It is quite possible you may not realise you have a woodworm problem until the resultant damage (done by the beetle larvae) becomes visible, as the adult beetles emerge.
Depending on the wood-boring beetle species it can take anywhere between three, five or even ten years for the life cycle to be completed. During this time the larvae (or woodworm) will happily munch their way through the timber weakening the woods structural integrity. The woodworm will eventually pupate just below the surface of the timber.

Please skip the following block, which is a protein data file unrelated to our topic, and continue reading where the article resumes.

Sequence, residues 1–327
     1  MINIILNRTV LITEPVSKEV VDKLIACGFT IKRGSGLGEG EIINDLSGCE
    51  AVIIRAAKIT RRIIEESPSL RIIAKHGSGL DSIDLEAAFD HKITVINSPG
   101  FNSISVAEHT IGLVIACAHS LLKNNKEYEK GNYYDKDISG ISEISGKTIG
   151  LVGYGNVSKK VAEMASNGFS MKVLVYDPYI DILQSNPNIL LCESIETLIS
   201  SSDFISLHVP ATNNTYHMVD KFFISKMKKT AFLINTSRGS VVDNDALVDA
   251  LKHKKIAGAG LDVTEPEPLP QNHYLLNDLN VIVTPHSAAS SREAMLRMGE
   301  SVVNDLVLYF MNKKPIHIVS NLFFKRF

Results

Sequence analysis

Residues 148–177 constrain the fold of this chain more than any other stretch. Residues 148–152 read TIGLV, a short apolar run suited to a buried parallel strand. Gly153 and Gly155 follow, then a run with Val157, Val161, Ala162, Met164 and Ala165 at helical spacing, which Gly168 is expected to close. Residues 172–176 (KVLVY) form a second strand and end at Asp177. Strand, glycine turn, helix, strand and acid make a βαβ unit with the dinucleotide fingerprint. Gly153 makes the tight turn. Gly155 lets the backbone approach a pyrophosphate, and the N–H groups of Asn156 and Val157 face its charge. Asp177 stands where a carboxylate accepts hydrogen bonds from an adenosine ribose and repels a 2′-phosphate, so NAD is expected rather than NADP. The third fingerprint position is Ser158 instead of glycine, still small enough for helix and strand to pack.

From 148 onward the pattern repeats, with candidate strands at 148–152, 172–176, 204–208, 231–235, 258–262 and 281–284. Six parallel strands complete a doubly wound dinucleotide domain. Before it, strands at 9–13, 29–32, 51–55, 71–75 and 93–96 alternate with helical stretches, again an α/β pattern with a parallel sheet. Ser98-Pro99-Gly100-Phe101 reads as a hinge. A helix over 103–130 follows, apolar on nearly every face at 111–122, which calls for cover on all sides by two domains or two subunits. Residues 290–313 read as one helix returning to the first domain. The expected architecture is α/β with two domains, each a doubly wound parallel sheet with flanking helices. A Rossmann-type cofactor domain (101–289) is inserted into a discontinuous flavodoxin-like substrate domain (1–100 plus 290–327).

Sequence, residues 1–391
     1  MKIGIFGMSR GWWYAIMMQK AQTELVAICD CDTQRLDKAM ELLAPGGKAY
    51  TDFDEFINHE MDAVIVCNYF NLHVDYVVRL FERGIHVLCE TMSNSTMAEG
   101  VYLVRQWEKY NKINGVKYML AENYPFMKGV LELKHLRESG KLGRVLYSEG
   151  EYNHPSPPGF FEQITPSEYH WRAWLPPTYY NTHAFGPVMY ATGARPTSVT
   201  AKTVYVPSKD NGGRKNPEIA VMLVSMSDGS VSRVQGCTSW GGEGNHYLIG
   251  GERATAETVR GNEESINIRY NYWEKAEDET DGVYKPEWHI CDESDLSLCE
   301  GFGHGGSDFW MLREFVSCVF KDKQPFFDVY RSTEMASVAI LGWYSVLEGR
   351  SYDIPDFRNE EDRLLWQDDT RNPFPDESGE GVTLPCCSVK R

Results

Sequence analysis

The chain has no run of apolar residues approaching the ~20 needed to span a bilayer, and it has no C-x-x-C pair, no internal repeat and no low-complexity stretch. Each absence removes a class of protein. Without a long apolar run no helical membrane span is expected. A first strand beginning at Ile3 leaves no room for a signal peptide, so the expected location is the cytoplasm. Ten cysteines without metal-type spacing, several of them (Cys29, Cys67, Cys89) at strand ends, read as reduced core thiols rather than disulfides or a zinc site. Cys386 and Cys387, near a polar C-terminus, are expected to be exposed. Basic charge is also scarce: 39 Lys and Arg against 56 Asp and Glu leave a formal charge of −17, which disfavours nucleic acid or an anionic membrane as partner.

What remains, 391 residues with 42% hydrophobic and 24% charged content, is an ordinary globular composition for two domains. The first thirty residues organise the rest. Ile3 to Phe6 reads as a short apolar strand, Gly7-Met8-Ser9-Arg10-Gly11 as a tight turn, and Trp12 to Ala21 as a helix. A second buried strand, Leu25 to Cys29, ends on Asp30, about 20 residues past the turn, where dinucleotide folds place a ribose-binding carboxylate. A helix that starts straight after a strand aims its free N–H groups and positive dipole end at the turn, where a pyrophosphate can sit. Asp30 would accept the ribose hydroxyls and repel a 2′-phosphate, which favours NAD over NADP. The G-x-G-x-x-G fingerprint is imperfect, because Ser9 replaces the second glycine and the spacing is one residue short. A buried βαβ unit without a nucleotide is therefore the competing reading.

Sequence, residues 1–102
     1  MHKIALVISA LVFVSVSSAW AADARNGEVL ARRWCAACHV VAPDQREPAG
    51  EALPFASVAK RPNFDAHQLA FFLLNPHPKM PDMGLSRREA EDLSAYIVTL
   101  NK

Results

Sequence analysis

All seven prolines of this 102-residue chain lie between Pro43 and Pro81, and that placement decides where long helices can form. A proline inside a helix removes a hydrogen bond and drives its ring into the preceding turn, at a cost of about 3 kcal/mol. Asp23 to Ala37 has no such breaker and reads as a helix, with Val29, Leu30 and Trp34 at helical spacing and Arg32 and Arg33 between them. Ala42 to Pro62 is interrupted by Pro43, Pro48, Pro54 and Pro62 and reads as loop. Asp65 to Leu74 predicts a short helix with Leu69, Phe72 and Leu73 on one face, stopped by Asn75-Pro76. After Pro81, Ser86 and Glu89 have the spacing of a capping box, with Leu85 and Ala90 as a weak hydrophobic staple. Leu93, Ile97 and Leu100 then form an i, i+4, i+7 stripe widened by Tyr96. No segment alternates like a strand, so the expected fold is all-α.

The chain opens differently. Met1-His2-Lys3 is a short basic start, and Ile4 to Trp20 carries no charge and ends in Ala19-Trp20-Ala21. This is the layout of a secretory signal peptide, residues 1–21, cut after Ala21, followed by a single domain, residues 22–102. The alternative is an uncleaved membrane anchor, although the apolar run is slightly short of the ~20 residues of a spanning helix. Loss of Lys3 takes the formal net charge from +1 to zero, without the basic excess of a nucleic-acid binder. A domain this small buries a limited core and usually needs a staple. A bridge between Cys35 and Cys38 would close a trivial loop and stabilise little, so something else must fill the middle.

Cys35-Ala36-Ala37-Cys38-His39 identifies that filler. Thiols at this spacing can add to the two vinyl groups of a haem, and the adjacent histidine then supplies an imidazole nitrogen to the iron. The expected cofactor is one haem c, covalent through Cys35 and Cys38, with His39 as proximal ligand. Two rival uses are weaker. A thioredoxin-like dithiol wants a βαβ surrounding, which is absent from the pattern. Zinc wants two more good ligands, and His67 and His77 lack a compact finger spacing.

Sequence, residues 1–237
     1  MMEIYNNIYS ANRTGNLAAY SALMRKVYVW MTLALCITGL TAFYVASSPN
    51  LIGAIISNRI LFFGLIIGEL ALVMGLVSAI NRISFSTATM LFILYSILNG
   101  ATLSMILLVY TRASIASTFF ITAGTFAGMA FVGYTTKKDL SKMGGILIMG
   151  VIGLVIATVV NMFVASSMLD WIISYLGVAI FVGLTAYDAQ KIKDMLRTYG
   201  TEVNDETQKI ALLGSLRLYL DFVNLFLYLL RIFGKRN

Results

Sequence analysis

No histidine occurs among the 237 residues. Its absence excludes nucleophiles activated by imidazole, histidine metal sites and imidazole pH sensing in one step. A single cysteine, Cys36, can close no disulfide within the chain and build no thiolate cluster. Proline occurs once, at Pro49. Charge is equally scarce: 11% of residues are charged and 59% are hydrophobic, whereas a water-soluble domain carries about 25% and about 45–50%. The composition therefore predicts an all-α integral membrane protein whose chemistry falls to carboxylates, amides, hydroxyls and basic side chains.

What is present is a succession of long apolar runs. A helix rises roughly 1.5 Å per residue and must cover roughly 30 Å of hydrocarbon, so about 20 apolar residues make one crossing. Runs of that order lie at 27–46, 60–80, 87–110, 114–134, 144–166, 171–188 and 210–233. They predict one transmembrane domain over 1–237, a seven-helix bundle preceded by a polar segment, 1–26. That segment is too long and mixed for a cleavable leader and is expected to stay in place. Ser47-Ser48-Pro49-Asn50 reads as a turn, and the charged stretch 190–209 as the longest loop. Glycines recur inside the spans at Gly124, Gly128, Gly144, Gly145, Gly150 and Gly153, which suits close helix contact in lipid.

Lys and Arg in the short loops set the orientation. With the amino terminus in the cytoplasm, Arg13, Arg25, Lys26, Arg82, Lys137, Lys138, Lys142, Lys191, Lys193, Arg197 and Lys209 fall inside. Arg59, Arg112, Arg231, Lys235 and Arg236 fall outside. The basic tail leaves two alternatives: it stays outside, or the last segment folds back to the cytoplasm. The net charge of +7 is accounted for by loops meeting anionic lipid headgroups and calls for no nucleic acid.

Adult beetles will emerge as they munch the last thin veneer of timber creating exit or flight holes. In general adult beetles will emerge anywhere between April and September to mate and then die off within a few weeks of appearing.
Take a look at our woodworm infographic to understand the life cycle of woodworm and the tell tale signs to look for if you think you may have a woodworm infestation.